3- Solar market is a lot more mature in South Africa compared to other African countries so what makes Elanga special?

The solar market in our country is over two decades in the making and has evolved over the years, the energy market has for a long time been dominated by the same players and its about time that we diversified its role players. We as Elanga are attempting to unify and centralize the various sectors and create a mutually beneficial symbiotic economic growth and development strategy which is all inclusive, dynamic and sustainable. We are turning all of our competitors into partners because in unity we are able to find strength and forge a constructive force made up of all the affected players trying to make a difference in this industry.

Elanga is special because we are turning competitors into partners, in unity we are able to find strength and make a difference in this industry.

4- To build up skills and capabilities South Africa has a black empowerment policy, being a 100% black-owned organisation does it benefit in any way your company?

On paper we are compliant, we fit into all the relevant categories and have checked all the right boxes. But in reality, that is a far cry from the potential for both our growth and job security. Unfortunately the theory is in no way proportional to the practice within the energy sector. The socio economic state of our country as well as the political climate in our country doesn’t foster the right environment for the application of such policies at grass roots level where we are attempting to create a foothold.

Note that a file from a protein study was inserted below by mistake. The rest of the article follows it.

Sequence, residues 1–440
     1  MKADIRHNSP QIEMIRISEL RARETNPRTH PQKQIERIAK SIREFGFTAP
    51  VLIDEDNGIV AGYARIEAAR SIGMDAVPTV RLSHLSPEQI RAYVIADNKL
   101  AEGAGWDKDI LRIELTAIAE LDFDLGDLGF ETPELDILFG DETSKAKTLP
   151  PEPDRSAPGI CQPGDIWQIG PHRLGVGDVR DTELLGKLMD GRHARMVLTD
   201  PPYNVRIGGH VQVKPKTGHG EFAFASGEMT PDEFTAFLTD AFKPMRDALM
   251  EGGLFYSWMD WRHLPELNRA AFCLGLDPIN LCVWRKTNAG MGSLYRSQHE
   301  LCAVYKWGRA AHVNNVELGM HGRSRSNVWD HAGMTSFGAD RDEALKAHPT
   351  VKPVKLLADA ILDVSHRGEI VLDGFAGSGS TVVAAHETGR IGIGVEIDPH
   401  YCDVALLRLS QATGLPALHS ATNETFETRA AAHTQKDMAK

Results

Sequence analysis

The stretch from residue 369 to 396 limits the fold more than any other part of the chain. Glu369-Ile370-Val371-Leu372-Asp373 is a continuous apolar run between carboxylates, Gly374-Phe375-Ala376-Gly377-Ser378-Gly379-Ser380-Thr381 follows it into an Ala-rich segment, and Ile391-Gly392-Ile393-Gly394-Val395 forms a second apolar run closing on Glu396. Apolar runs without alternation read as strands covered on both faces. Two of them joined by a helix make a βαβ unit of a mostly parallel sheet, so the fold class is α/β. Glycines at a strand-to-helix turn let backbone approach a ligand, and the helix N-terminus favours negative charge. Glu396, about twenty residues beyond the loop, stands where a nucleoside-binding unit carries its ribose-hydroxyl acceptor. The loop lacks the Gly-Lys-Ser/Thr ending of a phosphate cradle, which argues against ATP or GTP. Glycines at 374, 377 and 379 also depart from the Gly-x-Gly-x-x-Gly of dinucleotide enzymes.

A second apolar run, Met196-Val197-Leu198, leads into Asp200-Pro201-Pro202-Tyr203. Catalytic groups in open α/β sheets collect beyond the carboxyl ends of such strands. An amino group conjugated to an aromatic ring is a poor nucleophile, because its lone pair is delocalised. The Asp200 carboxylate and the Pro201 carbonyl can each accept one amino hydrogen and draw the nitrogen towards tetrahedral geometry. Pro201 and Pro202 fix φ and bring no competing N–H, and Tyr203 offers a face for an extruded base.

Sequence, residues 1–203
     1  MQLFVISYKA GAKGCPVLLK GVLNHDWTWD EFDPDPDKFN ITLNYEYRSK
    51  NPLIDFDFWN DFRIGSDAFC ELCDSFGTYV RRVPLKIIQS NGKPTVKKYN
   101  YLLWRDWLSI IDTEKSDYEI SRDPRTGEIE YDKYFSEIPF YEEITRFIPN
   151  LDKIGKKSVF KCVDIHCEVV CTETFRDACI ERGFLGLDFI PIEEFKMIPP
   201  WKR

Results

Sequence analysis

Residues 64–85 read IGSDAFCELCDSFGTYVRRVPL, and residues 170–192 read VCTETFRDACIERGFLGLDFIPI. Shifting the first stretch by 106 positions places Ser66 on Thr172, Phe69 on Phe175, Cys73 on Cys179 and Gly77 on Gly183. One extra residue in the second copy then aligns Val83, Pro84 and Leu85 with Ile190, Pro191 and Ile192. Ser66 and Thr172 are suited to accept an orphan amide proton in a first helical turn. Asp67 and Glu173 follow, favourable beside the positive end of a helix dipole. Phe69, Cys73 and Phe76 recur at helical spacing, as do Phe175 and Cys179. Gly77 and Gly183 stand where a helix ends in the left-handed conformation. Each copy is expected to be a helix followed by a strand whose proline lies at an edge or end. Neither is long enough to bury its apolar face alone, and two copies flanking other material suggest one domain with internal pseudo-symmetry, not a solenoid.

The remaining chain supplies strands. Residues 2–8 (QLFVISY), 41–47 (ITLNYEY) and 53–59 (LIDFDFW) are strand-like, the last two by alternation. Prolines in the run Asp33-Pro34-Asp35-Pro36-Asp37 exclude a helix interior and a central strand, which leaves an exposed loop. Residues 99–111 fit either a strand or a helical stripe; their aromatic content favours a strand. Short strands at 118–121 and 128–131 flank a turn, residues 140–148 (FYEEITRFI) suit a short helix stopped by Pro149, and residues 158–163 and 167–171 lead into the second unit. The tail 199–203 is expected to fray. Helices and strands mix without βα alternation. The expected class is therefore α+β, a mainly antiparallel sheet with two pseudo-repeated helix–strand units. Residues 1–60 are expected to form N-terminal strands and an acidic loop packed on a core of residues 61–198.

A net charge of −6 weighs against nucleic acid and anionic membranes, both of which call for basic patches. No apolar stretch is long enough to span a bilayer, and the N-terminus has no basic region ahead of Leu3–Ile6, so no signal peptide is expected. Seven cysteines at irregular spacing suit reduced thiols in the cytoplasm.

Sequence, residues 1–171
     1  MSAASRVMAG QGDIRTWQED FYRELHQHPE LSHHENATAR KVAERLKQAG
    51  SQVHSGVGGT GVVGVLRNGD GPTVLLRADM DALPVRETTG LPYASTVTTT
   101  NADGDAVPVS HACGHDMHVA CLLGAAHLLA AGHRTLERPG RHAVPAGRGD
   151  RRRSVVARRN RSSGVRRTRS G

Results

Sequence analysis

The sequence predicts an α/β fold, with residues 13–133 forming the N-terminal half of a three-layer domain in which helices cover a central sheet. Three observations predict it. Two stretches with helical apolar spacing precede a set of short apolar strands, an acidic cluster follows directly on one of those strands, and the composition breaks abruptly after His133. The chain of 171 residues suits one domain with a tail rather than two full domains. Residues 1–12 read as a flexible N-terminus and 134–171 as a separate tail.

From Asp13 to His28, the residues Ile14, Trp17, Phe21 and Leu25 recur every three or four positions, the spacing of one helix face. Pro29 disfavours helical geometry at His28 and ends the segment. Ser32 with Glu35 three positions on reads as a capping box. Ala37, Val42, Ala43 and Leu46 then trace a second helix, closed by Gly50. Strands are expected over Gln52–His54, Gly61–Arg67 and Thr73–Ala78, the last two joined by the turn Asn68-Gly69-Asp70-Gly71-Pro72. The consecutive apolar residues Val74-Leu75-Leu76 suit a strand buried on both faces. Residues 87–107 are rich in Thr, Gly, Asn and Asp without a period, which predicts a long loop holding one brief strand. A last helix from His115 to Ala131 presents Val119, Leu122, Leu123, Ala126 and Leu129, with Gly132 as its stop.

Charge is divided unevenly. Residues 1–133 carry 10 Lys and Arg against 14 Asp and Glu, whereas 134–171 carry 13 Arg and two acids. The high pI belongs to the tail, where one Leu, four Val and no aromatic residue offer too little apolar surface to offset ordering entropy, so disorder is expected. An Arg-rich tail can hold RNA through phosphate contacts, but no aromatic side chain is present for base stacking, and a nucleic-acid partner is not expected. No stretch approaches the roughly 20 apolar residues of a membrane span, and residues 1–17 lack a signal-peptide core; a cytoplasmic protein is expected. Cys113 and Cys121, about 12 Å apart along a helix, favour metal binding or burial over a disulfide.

5- How useful is the policy to companies wanting to work with you?

The policy is like words on paper, and the working relationships are not the problem…its the failure of the powers that be to police, and ensure that the legislation is adhered to that is letting us all down. There are also various other bodies and unions’ of all sorts that govern the building, construction, housing and energy sectors, then there are a myriad of other logistical issues such as having to register with and be active members of set organisations in order to gain access to those markets. The rise of cronyism and forms of corruption that plague the industries’ create difficulties with the securing, forming and maintenance of such relationships between ourselves and other interested parties. On the other hand, it is this very policy that made it possible for our partnership with Specialized Solar Systems and paves the way for us to be able to provide world class products and services as well as solutions that are ideal for the African market and have been tried and tested all over our country and also across our borders.